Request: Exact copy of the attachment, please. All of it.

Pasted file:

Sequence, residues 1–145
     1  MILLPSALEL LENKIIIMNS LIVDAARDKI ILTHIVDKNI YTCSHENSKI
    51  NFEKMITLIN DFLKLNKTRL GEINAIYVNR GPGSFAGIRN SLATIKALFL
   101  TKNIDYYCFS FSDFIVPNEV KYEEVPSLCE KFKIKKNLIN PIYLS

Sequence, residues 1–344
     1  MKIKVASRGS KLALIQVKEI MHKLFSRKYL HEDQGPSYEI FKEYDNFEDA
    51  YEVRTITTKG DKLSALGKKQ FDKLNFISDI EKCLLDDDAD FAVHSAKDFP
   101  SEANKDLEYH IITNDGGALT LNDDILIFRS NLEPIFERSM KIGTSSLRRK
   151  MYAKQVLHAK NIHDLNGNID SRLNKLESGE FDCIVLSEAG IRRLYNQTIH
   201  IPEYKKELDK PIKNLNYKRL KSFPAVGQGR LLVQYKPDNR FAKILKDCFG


Sequence, residues 1–145
     1  MILLPSALEL LENKIIIMNS LIVDAARDKI ILTHIVDKNI YTCSHENSKI
    51  NFEKMITLIN DFLKLNKTRL GEINAIYVNR GPGSFAGIRN SLATIKALFL
   101  TKNIDYYCFS FSDFIVPNEV KYEEVPSLCE KFKIKKNLIN PIYLS

Sequence, residues 1–344
     1  MKIKVASRGS KLALIQVKEI MHKLFSRKYL HEDQGPSYEI FKEYDNFEDA
    51  YEVRTITTKG DKLSALGKKQ FDKLNFISDI EKCLLDDDAD FAVHSAKDFP
   101  SEANKDLEYH IITNDGGALT LNDDILIFRS NLEPIFERSM KIGTSSLRRK
   151  MYAKQVLHAK NIHDLNGNID SRLNKLESGE FDCIVLSEAG IRRLYNQTIH
   201  IPEYKKELDK PIKNLNYKRL KSFPAVGQGR LLVQYKPDNR FAKILKDCFG